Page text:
Ukraine InvasionCybersecurityEnergyTravel IndustryAutos

Elon Musk reveals the one sports team he’d like to buy: Fallen English soccer giants with an American owner despised by fans

August 17, 2022, 12:00 PM UTC
Tesla head Elon Musk talks to one visitor
Tesla head Elon Musk allegedly has an affinity with Manchester United.
Maja Hitij—Getty Images

Polarizing centibillionaire Elon Musk briefly sent the hearts of Manchester United fans racing the world over on Tuesday, claiming he was poised to wrestle control of the club out of the clutches of its hated current owners.

Wealthy patrons and sports clubs go hand in hand, so it’s no surprise that the visionary CEO might toy with the idea of backing a team.

One as prestigious as United also boasts hundreds of millions of fans across the globe, who might be more partial to purchasing one of Musk’s Teslas if he were to acquire the club.

After clarifying that an earlier tweet about buying the club was a joke, he did go on to reveal a longstanding soft spot for the Premier League title record holders.

“If it were any team, it would be Man U,” he posted to Twitter, using a name for the club many traditional United supporters in England eschew. “They were my fav team as a kid.”

Alas, it was all in jest, but fans who have endured too many seasons of disappointment got excited by the thought of the deep-pocketed CEO rescuing their club from its creeping demise.

Despised American owner

That’s because if there’s a figure more universally despised by United fans than anyone else in soccer, it is Joel Glazer, the club’s American chairman and owner of the NFL’s Tampa Bay Buccaneers. 

He inherited ownership from his father, Malcolm Glazer, who acquired United in a 2005 leveraged buyout that saddled the club with a mountain of debt, effectively forcing the club to pay for its own acquisition. 

“There’s a family over there in America who are just literally letting their employees take all the hits for them, and that is unforgivable,” vented former United player and football commentator Gary Neville following a 0-4 drubbing by lowly Brentford, playing in just its second season in the Premier League.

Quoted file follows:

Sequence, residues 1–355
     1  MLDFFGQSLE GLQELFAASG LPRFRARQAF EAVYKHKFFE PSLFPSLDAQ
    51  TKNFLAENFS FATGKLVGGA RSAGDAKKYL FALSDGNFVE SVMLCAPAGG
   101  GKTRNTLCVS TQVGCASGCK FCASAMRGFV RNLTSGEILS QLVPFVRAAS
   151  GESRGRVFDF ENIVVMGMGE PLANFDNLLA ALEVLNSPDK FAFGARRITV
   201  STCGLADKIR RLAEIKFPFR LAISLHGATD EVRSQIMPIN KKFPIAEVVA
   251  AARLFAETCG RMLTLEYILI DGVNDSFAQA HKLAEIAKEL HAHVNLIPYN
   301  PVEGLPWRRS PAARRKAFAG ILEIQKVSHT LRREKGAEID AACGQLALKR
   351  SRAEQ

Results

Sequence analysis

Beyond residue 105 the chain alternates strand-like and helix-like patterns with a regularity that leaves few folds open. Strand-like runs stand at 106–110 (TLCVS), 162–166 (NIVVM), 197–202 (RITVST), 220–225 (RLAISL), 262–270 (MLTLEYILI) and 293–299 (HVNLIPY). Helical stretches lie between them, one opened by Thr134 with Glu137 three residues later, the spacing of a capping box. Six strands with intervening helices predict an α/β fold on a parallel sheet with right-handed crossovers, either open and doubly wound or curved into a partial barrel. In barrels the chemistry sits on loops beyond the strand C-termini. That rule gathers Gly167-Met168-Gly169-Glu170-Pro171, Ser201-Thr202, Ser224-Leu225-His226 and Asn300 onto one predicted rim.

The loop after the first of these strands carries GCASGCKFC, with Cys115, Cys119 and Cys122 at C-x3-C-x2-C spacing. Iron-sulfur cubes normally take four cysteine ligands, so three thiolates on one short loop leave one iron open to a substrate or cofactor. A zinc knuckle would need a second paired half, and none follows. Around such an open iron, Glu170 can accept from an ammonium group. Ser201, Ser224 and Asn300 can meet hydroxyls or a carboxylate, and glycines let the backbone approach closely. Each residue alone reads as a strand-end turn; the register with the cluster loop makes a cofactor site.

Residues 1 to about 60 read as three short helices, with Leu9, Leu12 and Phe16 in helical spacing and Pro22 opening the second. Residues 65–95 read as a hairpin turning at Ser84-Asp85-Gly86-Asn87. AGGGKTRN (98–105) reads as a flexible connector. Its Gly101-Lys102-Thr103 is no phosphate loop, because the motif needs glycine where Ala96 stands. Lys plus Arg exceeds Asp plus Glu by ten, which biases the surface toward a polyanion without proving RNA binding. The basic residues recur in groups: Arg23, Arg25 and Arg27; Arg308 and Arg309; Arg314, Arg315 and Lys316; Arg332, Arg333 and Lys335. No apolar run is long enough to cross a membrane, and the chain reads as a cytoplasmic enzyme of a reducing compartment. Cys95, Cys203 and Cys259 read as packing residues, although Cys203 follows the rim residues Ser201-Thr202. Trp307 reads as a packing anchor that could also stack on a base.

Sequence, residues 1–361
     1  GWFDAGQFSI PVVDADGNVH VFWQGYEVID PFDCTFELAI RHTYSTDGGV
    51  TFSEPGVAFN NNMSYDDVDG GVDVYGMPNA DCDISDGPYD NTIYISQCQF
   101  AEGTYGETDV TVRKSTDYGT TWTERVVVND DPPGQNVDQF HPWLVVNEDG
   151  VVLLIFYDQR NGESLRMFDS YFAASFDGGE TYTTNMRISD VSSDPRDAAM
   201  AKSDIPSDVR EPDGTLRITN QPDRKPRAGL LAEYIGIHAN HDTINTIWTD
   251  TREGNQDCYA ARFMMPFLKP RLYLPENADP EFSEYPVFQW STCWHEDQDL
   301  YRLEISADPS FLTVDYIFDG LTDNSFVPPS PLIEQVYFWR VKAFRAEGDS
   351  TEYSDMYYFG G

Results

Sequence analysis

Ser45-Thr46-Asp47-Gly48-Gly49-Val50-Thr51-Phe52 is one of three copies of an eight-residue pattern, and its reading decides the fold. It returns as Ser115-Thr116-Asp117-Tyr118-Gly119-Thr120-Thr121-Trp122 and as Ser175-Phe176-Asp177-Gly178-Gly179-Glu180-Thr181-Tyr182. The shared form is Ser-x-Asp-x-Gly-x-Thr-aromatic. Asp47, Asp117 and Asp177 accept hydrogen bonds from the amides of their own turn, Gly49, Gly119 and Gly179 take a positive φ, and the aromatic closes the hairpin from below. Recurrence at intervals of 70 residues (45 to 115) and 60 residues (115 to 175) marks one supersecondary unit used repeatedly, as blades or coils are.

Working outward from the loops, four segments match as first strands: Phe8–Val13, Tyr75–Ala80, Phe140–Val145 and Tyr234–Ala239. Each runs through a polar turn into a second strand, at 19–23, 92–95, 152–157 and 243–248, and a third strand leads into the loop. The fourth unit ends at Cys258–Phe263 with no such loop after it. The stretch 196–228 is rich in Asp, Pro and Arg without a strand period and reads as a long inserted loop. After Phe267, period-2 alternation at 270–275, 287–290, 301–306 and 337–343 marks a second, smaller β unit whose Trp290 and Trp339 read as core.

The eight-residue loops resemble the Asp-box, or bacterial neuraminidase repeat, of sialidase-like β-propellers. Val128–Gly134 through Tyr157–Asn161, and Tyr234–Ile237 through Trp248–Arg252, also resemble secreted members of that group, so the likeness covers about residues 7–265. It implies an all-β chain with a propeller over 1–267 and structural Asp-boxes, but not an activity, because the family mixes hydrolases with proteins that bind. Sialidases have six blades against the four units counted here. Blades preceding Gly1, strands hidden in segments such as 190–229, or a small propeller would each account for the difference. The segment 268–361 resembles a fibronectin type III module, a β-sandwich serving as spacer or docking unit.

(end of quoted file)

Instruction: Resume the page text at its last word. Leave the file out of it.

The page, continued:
He demanded the owners stop “hiding in Tampa” and address the problems: “Joe Glazer has got to get in a plane to Manchester tomorrow…and he’s got to tell everybody what the hell his plan is with the football club.”

By comparison, Chelsea FC supporters spoke well of their Russian oligarch owner, Roman Abramovich—even through the Ukraine war—because of all the money he pumped into the Blues to win titles. 

United is England’s most storied side, having scooped up 20 league titles, one more than archrival Liverpool—13 of which were won under its totemic former manager, Sir Alex Ferguson. 

It has seen triumph with the last second UEFA Champions League 1999 win over Bayern Munich in stoppage time, and endured tragedy with the air disaster of 1958 when the side’s plane crashed in Munich killing eight of England’s most talented football players. 

Thanks to its rich and moving history, the stadium at Old Trafford ranks along with Real Madrid’s Bernabeu and Barcelona’s Camp Nou as a pilgrimage site for football fans the world over. 

Hard times

Yet the glory days when fans of the Red Devils were spoiled with silverware are over. 

With Ferguson’s departure in 2013, the club slowly drifted into mediocrity, churning through a seemingly never-ending slew of managers.

Everyone from the strict Dutch schoolmaster Louis van Gaal and United’s legendary Welsh midfielder Ryan Giggs to the “Special One” José Mourinho tried their hand at coaching the side, only to fall far short of expectations.

Not even the return of its former star winger, Cristiano Ronaldo, after years of goal scoring at Real and Juventus energized the club last season. Already he’s pushing to be released from his contract in order to still qualify to compete in Europe’s top competition with another team.

Worse, the club’s once pitiful local rival, Manchester City, has eclipsed it thanks to the coaching skills of Pep Guardiola and the bankroll of its wealthy Emirati owner, Sheikh Mansour. 

Now the Citizens are at the top of the table, while United sits dead last and faces relegation to the dreaded second league if it doesn’t improve.

Fans have for years believed to know who the guilty party is: the Glazers.

As long as a decade ago, a group of wealthy United supporters around former Goldman Sachs banker Jim O’Neill dubbed the Red Knights sensed that the Glazers were not a safe pair of hands and attempted to wrest control of the club from the American family.  

That’s because the family is widely viewed as locusts, asset-stripping the club while letting the team, staff, and facilities fall into a state of neglect. 

Daily tabloid The Sun estimated on Tuesday that the Glazers have drained club coffers to the tune of 1.1 billion pounds ($1.3 billion) in interest, dividends, and fees since taking control.

“The only money that has been spent on players at Manchester United is the money the club has generated or that it’s borrowed,” Neville said on the weekend.

“It does not come from the families; let’s get this out of our heads that the Glazer family is putting money in every year like Roman Abramovich did.” 

Maybe Musk can be convinced to buy it in the end—money is after all no problem for the world’s wealthiest person, especially if he can exit his $44 billion takeover of Twitter.

Even if his remark about purchasing United was just in jest, he confided in April that he launched his Boring Company as a joke.

Reportedly the Glazers are willing to sell.

All they are asking for reportedly is just a tenth of what Musk was prepared to pay for the social media platform. 

Sign up for the Fortune Features email list so you don’t miss our biggest features, exclusive interviews, and investigations.